The Most Useless Machine

While most machines are made to accomplish some type of task, the most useless machine ever was created solely for the sake of creation. If that weren’t a geeky enough objective, the entire point of the Lego version was to create something that existed solely for the point of creating it…in Lego.

Rubik’s Cube Solver

Yes, you read that right. This amazing Lego machine uses custom-made software and a Lego motor to rotate and solve Rubik’s Cubes. The future of geekery is now.

I’m sure any Lego fans reading this will have their own favorite geeky creations. If you’re one of those Lego lovers, feel free to share your links and stories of the geekiest Lego creation you’ve ever seen or made.

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Build Your Own Harry Potter Characters With LEGO's New BrickHeadz Set

Harry Potter is looking pretty square these days. In a testament to the enduring appeal of the boy—and the franchise—who lived, LEGO has launched a line of Harry Potter BrickHeadz.

The gang’s all here in this latest collection, which was recently revealed during the toymaker’s Fall 2018 preview in New York City. Other highlights of that show included LEGO renderings of characters from Star Wars, Incredibles 2, and several Disney films, according to Inside The Magic.

The Harry Potter BrickHeadz collection will be released in July and includes figurines of Harry, Hermione, Ron, Dumbledore, and even Hedwig. Some will be sold individually, while others come as a set.

A Ron Weasley figurine
LEGO

A Hermione figurine
LEGO

A Dumbledore figurine
LEGO

Harry Potter fans can also look forward to a four-story, 878-piece LEGO model of the Hogwarts Great Hall, which will be available for purchase August 1. Sets depicting the Whomping Willow, Hogwarts Express, and a quidditch match will hit shelves that same day.

[h/t Inside The Magic]

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Is There a Limit to How Many Balls You Can Juggle?
Carl Court, Getty Images
Carl Court, Getty Images

In 2017, a juggler named Alex Barron broke a record when he tossed 14 balls into the air and caught them each once. The feat is fascinating to watch, and it becomes even more impressive once you understand the physics behind it.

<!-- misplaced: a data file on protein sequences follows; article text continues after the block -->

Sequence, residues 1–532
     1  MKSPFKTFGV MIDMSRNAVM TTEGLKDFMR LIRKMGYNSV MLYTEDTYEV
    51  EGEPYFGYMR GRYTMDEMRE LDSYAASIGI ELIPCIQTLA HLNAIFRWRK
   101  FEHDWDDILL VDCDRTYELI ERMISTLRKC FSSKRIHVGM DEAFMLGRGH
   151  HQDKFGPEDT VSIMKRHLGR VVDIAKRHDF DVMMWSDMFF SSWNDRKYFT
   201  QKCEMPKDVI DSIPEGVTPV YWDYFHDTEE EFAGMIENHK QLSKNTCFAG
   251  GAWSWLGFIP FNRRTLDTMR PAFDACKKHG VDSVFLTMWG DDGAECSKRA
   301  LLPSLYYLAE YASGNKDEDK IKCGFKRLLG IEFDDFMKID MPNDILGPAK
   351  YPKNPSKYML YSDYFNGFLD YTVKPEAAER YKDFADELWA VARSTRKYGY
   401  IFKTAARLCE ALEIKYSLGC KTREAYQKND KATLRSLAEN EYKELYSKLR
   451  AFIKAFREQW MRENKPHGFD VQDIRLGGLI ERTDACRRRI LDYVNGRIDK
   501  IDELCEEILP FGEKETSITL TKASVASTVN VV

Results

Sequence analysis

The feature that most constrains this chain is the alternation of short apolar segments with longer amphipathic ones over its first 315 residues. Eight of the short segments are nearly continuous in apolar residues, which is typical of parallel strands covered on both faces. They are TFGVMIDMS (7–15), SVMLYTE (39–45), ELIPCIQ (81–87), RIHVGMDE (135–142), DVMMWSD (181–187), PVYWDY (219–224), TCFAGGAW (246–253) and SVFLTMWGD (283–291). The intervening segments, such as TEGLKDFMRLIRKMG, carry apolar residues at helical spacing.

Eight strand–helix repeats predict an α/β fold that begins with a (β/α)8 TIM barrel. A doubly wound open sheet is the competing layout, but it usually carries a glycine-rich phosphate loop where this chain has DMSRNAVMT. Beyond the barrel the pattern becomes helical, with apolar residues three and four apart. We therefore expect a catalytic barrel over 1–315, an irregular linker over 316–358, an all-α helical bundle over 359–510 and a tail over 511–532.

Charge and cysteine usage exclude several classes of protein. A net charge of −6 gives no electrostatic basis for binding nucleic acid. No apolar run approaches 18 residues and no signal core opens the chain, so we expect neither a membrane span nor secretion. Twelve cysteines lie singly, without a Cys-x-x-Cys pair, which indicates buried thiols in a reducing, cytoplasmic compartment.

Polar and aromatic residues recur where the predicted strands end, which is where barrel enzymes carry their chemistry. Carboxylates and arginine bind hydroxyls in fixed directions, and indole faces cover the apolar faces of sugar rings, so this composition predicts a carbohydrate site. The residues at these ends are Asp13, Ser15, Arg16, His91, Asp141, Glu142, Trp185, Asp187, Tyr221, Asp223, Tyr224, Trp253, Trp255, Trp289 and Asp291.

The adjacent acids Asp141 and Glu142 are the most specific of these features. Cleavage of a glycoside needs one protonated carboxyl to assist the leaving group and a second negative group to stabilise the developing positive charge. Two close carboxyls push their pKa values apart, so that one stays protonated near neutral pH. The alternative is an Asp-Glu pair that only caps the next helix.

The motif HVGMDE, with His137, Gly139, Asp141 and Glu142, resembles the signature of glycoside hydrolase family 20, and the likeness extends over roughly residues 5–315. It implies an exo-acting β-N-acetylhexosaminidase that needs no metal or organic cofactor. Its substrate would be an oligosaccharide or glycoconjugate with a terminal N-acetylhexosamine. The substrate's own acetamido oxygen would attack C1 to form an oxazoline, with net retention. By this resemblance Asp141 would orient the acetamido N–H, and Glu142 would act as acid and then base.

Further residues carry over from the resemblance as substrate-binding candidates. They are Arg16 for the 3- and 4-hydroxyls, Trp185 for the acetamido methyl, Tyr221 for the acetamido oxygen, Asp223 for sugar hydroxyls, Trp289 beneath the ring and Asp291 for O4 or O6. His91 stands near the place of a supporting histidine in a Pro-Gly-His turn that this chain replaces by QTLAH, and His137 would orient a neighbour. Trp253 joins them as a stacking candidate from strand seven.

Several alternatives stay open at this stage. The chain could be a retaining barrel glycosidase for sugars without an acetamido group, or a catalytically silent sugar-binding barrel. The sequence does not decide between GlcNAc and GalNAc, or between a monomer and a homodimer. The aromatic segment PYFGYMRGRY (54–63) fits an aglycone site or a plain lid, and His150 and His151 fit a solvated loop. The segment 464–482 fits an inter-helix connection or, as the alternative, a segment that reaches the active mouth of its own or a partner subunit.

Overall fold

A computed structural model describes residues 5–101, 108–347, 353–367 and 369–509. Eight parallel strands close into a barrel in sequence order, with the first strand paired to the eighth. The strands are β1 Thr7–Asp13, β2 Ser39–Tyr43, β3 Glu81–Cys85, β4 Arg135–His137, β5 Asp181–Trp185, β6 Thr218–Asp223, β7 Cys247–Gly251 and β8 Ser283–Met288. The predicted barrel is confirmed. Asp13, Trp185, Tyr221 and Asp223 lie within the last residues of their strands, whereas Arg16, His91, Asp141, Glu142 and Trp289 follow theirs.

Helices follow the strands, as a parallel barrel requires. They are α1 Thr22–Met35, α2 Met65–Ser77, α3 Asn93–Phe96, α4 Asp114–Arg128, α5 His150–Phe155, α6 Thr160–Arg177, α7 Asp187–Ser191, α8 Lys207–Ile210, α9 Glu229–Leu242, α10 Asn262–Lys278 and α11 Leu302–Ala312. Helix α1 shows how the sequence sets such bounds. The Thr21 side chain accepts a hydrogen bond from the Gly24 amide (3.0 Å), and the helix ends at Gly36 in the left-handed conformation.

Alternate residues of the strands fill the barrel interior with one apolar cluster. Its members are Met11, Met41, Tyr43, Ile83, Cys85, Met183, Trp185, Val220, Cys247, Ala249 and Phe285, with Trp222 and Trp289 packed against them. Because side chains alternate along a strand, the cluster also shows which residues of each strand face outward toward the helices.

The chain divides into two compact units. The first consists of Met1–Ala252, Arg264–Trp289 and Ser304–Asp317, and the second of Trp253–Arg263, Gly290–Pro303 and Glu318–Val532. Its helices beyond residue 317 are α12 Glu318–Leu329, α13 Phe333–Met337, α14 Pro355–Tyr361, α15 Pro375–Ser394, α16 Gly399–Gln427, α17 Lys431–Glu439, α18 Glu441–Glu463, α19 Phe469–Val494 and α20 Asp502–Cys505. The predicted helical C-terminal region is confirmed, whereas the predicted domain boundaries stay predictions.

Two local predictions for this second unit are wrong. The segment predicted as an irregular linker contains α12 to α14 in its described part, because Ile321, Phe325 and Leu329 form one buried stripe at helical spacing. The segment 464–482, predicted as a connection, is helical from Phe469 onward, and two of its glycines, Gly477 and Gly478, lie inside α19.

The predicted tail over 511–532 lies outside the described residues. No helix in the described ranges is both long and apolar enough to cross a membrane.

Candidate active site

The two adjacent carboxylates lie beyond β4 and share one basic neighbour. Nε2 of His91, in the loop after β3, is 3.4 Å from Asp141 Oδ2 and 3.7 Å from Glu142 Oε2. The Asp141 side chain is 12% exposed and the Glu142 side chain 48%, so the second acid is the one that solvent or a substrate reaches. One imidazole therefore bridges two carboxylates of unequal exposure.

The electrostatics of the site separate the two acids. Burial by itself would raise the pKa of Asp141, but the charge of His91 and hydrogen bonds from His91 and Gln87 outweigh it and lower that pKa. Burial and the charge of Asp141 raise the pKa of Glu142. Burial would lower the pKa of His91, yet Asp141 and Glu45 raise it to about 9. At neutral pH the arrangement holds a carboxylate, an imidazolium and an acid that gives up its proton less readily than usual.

As WIRED explains in a new video, juggling any more than 14 balls at once may be physically impossible. Researchers who study the limits of juggling have found that the success of a performance relies on a number of different components. Speed, a.k.a. the juggler's capacity to move their hands in time to catch each ball as it lands, is a big one, but it's not the most important factor.

What really determines how many balls one person can juggle is their accuracy. An accurate juggler knows how to keep their balls from colliding in midair and make them land within arm's reach. If they can't pull that off, their act falls apart in seconds.

Breaking a juggling world record isn't the same as breaking a record for sprinting or shot put. With each new ball that's added to the routine, jugglers need to toss higher and move their hands faster, which means their throws need to be significantly more accurate than what's needed with just one ball fewer. And skill and hours of practice aren't always enough; according to expert jugglers, the current world records were likely made possible by a decent amount of luck.

For a closer look at the physics of juggling, check out the video below.